Rayssa Leal, the Brazilian 13 year-old skater that won silver in Tokyo
A former fairy on a skateboard won the silver medal for Brazil in the debut of skateboarding at the Olympics.
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Skateboarding is one of the sports that debut at Tokyo 2020. The sport, that few years ago was only seen on the streets of big cities, reaches the highest level of the sporting world this year to give a little urban spirit to the games.
The inclusion of the sport in the Tokyo Olympic Games has been controversial, but the truth is that it has filled the event with movement, color, and youth.
The athletes who won the gold and silver medals in the women's final are a testament to the latter, at only 13 years old, Momiji Nishiya won gold for Japan and Rayssa Leal took silver for Brazil.
Both two teenagers shared the podium with another 'veteran', 16-year-old Japanese Funa Nakayama, in what became the youngest podium in Olympic history.
The youth of these athletes is already news by itself, but the Brazilian won all eyes for her popularity on social media.
Rayssa rose to fame when she was just eight years old and famous skateboarder Tony Hawk recorded her doing a heelflip, an aerial skateboarding trick, wearing a blue dress with fairy wings.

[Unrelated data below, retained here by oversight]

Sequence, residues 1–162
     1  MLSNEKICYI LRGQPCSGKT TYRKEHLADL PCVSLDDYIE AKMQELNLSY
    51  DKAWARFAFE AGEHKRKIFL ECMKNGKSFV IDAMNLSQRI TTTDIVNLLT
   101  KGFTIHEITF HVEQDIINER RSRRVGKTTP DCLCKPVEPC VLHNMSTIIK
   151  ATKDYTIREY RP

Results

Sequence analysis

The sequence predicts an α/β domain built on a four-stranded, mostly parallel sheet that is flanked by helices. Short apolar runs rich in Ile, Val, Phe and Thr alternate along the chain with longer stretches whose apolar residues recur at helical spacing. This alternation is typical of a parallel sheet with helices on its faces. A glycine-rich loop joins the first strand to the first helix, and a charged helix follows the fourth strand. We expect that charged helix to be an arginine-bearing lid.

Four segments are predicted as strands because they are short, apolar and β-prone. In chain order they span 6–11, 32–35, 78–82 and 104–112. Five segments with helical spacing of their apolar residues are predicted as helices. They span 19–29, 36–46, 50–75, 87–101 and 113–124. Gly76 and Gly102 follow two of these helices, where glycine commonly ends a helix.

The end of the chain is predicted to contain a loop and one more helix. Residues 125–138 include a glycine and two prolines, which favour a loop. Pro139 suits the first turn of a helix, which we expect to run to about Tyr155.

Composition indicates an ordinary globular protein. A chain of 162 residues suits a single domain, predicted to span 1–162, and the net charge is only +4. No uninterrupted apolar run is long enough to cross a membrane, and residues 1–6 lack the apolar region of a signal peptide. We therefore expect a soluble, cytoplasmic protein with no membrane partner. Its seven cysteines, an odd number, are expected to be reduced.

The video that went viral turned the little girl into a phenomenon and today, the 13-year-old fairy on a skateboard was crowned the second best in the world.
“I still can't believe it, it seems like it was a historic milestone. Knowing that there were many other people who trained for years to be here, not only for skateboarding, and having managed to bring a medal for Brazil, is very gratifying," Leal told her country's television news after winning the medal.
Beyond the anecdote, the youth in the sport respond to the fact that it is not only new in the Olympics, but also for women.
Veterans such as Leticia Bufoni from Brazil and Annie Guglia from Canada told ESPN that their beginnings in the sport were sad and lonely, but what is happening in Tokyo is a seed for many more women to compete in the 2024 Olympics.
"This is like opening at least one door to, you know, many skaters who are having the conversations with their parents, who want to start skating," said U.S. skater Mariah Duran. "I'm not surprised if there's probably already like 500 girls getting a board today."